There is still hope that this boondoggle can be stopped in the US Senate. If you haven't been paying much attention to the issue, I urge you to start now. If you are wondering why, or if it even has an impact on you, stop and take a look around the room you are in. If this legislation is enacted, it is going to artificially raise the future cost of 80% or more of the energy used to produce, transport, and sell to you everything in that room. Ditto for everything in your refrigerator. That's just the raw cost of energy. Heaven knows what the costs will be from the thousands of regulations that will be issued because of this legislation.
I am not opposed to seeing the world move to non-carbon based energy. I am also not opposed to subsidizing basic research to try to make those energy sources cost effective replacements to burning coal, oil, or gas. What this bill does though, is coerce us into adopting conservation and energy production methods that are not cost effective now. If they were, the market would have embraced them already. We are going to pay billions for that in prices and taxes, billions that we might better spend on health care, education, and yes, a better standard of living for future generations.
Regardless of what one thinks about climate change, we ought to have the intelligence, decency, and just plain common sense to discuss exactly what we are doing here. That the Democratic leadership does not want that to happen, in fact is desperate to avoid it, should tell you everything you need to know.
My geekdom has been completed with dsl. Now I can come home from work on a Friday evening, fire up C-SPAN, and watch the House of Representatives. Haha...I'm not sick, but I'm not well.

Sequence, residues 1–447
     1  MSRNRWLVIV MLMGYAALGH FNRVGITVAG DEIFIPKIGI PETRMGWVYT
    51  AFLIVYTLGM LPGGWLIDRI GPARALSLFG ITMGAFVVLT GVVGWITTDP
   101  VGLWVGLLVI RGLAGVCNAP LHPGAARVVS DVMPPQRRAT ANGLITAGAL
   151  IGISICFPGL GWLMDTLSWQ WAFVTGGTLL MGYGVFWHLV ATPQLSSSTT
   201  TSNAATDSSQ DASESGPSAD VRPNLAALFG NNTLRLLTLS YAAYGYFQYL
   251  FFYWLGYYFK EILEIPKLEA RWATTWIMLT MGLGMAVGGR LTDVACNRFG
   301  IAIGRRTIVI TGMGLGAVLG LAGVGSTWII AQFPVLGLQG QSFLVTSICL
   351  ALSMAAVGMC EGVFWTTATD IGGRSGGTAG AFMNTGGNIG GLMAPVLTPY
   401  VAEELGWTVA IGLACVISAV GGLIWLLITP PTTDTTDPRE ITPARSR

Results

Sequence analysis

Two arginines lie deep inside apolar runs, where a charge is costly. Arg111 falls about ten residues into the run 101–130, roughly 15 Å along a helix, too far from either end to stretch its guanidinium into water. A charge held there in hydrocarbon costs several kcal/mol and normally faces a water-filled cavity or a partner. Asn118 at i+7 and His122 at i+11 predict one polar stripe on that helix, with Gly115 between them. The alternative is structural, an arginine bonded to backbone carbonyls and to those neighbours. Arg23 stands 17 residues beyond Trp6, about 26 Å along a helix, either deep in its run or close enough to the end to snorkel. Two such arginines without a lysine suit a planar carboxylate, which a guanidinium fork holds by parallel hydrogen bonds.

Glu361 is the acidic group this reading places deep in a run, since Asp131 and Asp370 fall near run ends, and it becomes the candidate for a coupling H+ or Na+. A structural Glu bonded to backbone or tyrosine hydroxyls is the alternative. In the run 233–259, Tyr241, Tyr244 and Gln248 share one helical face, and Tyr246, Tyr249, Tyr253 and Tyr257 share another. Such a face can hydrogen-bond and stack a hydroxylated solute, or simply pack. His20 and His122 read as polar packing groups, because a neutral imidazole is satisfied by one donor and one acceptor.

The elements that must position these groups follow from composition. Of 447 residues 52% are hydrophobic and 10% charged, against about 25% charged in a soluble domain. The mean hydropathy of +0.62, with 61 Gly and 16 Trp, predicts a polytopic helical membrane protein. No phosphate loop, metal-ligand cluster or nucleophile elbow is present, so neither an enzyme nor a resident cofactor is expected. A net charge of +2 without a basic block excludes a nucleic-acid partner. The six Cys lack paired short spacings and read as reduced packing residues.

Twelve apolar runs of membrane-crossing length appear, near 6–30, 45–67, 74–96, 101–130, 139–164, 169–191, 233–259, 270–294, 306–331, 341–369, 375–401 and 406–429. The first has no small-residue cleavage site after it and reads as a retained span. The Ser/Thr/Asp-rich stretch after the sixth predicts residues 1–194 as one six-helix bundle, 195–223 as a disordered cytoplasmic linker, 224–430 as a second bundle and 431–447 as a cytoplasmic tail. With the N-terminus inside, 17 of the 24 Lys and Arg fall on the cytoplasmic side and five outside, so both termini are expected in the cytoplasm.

The Cap and Trade issue is hugely important. There will be other fights ahead even if the current bill passes the House this evening, but I think this is a historic moment. If it is stopped tonight, it will at least give Americans a chance to really absorb what this is all about. At 3:00 A.M. this morning, another 300 page amendment was added to a bill that had ballooned already just days ago. And yet Democrats are insisting on moving forward with just a few hours to comprehend the entire bill and debate it. The Democrat's process on this bill makes a mockery out of open democracy.
But with that, they will own it. They are deliberately introducing scarcity into the vast majority of energy production in this country. They aren't doing it directly, but by limiting the allowance of permits to emit the byproducts of energy production, primarily carbon dioxide. They will ramp down the amount permitted over time. Basic economics says that as you make something more scarce, it will become more expensive.
Looks like the vote is on.
Update: Passed. 219-212, with 8 Republicans voting for. Hall of Shame to come.
The Democrats have just gone all-in. They are now on a path that says they can dictate the use of energy in this country and what is worthy of that or not, and how much it costs. One can try to say that no, they are just dictating that non-carbon based energy should be used, but non-carbon based energy production is not even close to making up for the gap in what will be needed to grow the economy. The squeeze will be on, and it's going to hurt.
When your electricity bill jumps up, and you suffer electrical brownouts/blackouts, remember this moment.
When you decide not to take that weekend trip because you can't or don't want to spend the money on gasoline, remember this moment.
When you lose your job because the product you help make is now made overseas, remember this moment.
When you lose your job importing the products that are no longer affordable to make here, remember this moment.
When you can't afford the products that used to be made here, but are now only expensive imports, remember this moment.
When you lose your job because all of the others who used to buy your products or services can't afford them, remember this moment.
And as your children and grandchildren scrabble to make a living and only dream of the civilization and freedom you once enjoyed, remember this moment.